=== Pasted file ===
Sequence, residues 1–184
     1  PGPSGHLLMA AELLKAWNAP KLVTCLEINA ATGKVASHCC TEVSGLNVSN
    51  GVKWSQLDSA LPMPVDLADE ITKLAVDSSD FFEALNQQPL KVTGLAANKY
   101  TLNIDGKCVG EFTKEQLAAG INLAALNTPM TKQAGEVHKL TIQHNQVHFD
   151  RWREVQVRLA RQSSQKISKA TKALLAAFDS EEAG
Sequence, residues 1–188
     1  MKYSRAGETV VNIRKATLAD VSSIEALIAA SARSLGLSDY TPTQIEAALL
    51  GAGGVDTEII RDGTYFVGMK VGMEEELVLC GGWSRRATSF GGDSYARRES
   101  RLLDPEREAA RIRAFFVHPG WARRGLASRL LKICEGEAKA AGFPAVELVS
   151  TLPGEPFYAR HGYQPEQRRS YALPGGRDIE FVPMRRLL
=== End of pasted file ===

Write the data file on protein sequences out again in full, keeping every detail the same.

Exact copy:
Sequence, residues 1–184
     1  PGPSGHLLMA AELLKAWNAP KLVTCLEINA ATGKVASHCC TEVSGLNVSN
    51  GVKWSQLDSA LPMPVDLADE ITKLAVDSSD FFEALNQQPL KVTGLAANKY
   101  TLNIDGKCVG EFTKEQLAAG INLAALNTPM TKQAGEVHKL TIQHNQVHFD
   151  RWREVQVRLA RQSSQKISKA TKALLAAFDS EEAG
Sequence, residues 1–188
     1  MKYSRAGETV VNIRKATLAD VSSIEALIAA SARSLGLSDY TPTQIEAALL
    51  GAGGVDTEII RDGTYFVGMK VGMEEELVLC GGWSRRATSF GGDSYARRES
   101  RLLDPEREAA RIRAFFVHPG WARRGLASRL LKICEGEAKA AGFPAVELVS
   151  TLPGEPFYAR HGYQPEQRRS YALPGGRDIE FVPMRRLL